NEW YORK – From 1892 to its official close in 1954, more than 12 million immigrants passed through the gates of New York’s Ellis Island, yearning for freedom and a new life on American shores. The residue of their experiences, as well as the lives they left behind, lives on in the work of Italian American artist B. Amore and Jewish American artist Pauline Jakobsberg.

“Memory & History,” an exhibition at Queens College’s Godwin-Ternbach Museum, will feature the work of these artists. The exhibition opened Feb. 18 and runs through June 4.

Through their uniquely individual yet universal artwork, Amore and Jakobsberg explore the themes of immigration, family, and history, and in the process confront the highly charged subjects of personal and group cultural memory. In these artworks, family photographs, letters, keepsakes, and personal items mingle with family stories, nostalgia, and history.

“B. Amore’s work is colorful and sculptural, while Jakobsberg’s is quiet, with the specter of the Holocaust present in its dark, graphic tones,” said Amy Winter, curator of the exhibition and director of the Godwin-Ternbach Museum.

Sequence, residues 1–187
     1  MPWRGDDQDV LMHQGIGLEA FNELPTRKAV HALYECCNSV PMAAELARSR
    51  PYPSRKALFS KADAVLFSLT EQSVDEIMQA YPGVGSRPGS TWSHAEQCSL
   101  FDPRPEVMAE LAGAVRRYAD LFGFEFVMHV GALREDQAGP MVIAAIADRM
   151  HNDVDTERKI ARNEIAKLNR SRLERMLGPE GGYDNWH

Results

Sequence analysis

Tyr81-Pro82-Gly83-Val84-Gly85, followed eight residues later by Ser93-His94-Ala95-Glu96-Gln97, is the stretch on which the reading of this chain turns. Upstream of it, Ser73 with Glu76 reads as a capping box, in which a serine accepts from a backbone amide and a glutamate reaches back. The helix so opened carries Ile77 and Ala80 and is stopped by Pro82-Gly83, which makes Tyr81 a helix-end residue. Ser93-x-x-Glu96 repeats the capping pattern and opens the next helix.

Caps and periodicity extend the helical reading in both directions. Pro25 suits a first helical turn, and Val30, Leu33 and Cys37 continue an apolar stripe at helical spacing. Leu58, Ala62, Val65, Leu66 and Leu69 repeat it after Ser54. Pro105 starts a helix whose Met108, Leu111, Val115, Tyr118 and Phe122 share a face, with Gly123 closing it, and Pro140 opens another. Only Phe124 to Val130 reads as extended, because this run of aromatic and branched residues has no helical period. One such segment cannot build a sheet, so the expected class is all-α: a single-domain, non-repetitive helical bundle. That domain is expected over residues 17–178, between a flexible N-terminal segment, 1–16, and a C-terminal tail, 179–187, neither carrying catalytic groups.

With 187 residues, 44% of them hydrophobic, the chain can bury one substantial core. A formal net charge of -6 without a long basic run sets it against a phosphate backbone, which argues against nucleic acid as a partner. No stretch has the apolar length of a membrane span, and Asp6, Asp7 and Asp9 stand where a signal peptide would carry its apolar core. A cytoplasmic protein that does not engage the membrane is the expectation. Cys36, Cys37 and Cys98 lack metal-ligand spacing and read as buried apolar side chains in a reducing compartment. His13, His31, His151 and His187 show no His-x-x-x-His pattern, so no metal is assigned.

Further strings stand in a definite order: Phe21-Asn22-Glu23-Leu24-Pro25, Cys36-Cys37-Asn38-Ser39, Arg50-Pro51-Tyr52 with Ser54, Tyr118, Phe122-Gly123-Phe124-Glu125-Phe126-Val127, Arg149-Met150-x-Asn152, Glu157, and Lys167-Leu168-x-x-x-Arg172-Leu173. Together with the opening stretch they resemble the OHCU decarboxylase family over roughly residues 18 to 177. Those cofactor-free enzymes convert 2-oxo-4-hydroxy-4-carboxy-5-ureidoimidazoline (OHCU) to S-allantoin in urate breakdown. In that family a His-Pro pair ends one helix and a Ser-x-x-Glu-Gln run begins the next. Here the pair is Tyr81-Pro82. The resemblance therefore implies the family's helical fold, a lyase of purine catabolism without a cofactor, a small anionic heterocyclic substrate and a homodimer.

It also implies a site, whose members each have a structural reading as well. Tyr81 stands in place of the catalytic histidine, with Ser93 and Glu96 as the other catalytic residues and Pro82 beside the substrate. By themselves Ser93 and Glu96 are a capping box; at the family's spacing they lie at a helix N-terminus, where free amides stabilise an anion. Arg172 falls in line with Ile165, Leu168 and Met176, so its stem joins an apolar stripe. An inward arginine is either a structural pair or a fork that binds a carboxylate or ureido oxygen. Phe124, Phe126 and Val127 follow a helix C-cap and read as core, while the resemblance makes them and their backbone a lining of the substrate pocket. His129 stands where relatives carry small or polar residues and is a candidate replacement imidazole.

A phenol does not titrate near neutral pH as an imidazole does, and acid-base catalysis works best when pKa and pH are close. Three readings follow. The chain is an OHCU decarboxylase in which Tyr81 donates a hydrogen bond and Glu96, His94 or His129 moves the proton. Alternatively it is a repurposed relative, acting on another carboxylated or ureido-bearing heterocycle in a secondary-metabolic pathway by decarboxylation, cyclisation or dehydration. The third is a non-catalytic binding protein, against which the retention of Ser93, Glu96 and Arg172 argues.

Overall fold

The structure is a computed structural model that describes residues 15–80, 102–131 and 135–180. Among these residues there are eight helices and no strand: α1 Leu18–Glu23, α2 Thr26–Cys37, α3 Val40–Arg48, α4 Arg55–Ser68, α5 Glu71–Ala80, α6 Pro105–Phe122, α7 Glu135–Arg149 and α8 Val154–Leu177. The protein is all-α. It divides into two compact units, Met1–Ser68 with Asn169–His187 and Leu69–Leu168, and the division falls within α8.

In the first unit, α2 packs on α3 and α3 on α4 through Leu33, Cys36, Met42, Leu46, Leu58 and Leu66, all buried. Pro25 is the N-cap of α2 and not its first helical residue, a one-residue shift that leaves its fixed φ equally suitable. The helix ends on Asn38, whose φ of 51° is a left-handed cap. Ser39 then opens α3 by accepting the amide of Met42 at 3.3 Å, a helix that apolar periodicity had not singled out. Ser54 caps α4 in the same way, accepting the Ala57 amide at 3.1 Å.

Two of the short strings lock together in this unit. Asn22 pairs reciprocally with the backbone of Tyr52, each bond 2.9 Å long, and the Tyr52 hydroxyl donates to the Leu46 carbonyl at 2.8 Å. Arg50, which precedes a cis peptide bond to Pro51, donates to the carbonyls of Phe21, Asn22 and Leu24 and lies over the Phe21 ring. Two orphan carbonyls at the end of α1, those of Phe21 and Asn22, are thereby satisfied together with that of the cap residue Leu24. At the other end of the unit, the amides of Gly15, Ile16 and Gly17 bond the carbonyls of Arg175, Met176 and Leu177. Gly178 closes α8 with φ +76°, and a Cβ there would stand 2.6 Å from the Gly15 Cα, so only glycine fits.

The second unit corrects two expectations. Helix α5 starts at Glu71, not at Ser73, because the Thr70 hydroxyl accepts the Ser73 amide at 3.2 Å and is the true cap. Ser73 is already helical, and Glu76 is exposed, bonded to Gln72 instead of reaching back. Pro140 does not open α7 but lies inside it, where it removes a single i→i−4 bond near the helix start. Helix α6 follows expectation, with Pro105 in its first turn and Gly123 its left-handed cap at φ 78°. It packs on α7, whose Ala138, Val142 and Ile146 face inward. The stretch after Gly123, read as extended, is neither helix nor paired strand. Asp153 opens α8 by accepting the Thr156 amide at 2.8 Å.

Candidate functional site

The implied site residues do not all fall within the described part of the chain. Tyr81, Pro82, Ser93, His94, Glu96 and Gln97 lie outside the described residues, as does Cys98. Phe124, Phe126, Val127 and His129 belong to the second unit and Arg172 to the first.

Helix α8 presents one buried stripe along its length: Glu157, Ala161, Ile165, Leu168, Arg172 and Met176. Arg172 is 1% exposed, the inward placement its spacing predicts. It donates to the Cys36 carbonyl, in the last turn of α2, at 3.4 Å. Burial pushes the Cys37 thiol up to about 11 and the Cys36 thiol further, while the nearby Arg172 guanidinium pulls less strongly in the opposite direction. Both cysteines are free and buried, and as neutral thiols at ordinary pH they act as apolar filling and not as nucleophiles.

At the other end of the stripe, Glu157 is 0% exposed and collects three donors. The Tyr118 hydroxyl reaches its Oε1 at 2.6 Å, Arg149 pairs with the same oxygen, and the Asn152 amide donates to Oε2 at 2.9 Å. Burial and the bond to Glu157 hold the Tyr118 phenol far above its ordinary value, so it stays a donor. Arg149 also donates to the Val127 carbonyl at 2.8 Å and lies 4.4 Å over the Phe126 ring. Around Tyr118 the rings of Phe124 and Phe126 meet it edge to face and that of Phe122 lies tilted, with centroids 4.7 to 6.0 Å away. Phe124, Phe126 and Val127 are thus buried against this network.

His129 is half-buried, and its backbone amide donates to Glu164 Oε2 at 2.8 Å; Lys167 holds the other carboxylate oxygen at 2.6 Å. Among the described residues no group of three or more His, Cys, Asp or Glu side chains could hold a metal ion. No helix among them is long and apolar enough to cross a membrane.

“The exhibition touches on sociology, history, and cultural identity,” Winter said. One topic this exhibition will begin to explore is the nature of the early wave of immigration at the turn of the 20th century and that of the “new immigration‚ currently occurring in Queens and all over the United States.”

On Wed., Feb. 25 at 12 noon, Dr. Winter will lead a tour of the exhibition. This free event is open to the public. No reservations are needed.

Located in Klapper Hall on the Flushing campus (65-30 Kissena Blvd., Flushing, Queens, Exit 24, LIE), the museum is open Monday to Thursday, 11 a.m.-7 p.m., and for this exhibition, on Saturdays, 10 a.m.-6 p.m. For more information, call (718) 997-4724 or (718) 997-4736.